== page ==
2013-01-10 / Editorial

Scattering Seeds


Our national government is crippled. It lurches from crisis to crisis. Immediate needs (such as relief to victims of Superstorm Sandy) and chronic needs (such as updating ancient infrastructure) go unmet, or are poorly handled.

Enormously wasteful programs and practices continue because of the vise-like grip on elected officials possessed by powerful interests represented by lobbyists. Many of these lobbyists are former government officials; all of them are large contributors to political campaigns.

Many such contributions are hidden from view based upon a warped view of the First Amendment countenanced by a heavily political Supreme Court.

Reform is needed if we are to be governed with rationality, and able to meet the vital needs of our nation’s citizenry. Governmental devices that made sense in the 18th century need to be examined. Where the realities of the 21st century dictate, appropriate changes should be given careful consideration, always testing proposals against the bedrock principle of protecting individual rights against governmental oppression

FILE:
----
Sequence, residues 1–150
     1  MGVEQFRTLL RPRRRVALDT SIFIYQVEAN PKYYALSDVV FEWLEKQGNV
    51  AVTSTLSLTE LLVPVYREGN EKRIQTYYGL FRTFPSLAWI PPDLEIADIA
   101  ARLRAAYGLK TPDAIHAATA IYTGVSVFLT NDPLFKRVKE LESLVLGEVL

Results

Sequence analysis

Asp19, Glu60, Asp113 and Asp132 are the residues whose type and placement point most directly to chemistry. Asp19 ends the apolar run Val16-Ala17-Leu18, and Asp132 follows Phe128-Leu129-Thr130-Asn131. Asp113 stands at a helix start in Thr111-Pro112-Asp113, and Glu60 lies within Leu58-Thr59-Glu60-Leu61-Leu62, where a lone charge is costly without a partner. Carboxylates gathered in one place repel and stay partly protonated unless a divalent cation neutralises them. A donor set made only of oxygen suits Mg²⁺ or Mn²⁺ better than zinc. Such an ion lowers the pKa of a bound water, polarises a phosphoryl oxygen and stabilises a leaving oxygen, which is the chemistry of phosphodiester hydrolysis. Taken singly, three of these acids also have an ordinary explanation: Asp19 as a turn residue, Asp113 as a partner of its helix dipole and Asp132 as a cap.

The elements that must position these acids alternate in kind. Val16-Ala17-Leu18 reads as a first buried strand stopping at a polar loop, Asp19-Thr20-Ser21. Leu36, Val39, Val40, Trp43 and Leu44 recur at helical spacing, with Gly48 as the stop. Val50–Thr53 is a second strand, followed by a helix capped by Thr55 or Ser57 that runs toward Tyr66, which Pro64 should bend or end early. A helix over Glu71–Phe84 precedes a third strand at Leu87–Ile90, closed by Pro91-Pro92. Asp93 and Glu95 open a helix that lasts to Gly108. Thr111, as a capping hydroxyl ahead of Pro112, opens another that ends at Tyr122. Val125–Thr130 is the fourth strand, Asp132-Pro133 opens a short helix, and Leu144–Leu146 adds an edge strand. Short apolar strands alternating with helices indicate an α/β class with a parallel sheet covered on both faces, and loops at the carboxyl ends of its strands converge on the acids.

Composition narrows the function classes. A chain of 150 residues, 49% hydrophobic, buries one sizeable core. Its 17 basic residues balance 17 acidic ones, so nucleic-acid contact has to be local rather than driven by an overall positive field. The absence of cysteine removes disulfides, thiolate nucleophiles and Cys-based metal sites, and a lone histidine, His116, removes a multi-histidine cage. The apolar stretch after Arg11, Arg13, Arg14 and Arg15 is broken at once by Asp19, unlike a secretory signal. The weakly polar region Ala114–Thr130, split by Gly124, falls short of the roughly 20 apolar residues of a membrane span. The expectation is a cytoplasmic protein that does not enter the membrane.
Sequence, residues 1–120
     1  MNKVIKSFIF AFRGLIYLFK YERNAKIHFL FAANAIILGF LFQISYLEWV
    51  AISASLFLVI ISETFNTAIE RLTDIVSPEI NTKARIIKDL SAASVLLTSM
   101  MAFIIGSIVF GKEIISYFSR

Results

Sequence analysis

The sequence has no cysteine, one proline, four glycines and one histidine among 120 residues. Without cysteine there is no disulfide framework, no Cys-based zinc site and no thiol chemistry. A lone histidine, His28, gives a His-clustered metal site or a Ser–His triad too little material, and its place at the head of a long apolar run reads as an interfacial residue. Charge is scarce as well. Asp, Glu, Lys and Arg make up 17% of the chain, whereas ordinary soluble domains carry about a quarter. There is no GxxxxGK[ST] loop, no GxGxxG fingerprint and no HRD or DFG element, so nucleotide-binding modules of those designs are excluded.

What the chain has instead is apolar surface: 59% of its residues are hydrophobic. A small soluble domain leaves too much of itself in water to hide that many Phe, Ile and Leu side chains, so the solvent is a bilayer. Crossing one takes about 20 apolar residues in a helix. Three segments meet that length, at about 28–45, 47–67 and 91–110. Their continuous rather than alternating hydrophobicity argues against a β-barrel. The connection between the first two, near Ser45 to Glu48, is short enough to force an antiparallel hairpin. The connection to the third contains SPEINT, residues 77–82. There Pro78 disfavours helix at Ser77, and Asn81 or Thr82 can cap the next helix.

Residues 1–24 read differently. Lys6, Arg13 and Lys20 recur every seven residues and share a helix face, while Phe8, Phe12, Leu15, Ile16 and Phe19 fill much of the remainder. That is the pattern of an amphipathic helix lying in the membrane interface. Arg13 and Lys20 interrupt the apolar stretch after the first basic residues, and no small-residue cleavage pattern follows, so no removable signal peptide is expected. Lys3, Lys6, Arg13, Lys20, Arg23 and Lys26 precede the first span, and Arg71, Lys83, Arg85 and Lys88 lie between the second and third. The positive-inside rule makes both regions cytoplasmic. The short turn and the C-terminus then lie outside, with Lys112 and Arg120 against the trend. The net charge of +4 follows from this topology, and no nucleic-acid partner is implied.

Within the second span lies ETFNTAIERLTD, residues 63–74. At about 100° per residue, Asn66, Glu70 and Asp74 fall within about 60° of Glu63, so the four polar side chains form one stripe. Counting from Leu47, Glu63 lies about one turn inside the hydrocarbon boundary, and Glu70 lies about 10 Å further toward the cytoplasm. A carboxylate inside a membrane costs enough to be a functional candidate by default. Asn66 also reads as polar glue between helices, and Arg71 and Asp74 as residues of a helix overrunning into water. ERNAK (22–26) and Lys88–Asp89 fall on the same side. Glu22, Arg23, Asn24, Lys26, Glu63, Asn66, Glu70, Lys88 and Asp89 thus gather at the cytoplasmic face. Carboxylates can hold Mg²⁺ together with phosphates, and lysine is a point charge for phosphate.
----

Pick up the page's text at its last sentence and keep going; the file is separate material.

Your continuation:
Here are several ideas that might deserve consideration as part of a process intended to make our government more agile and effective:

• Eliminate, or substantially curtail, the use of the filibuster in the United States Senate; and

• Eliminate the process by which “safe” districts are gerrymandered into existence, guaranteeing that incumbent members of the House of Representatives have no reason to fear being ousted except in a party primary.

Those two reforms should operate to make our legislative branch considerably more responsive to the needs of the citizenry, and less in thrall to special interests and narrow political considerations.

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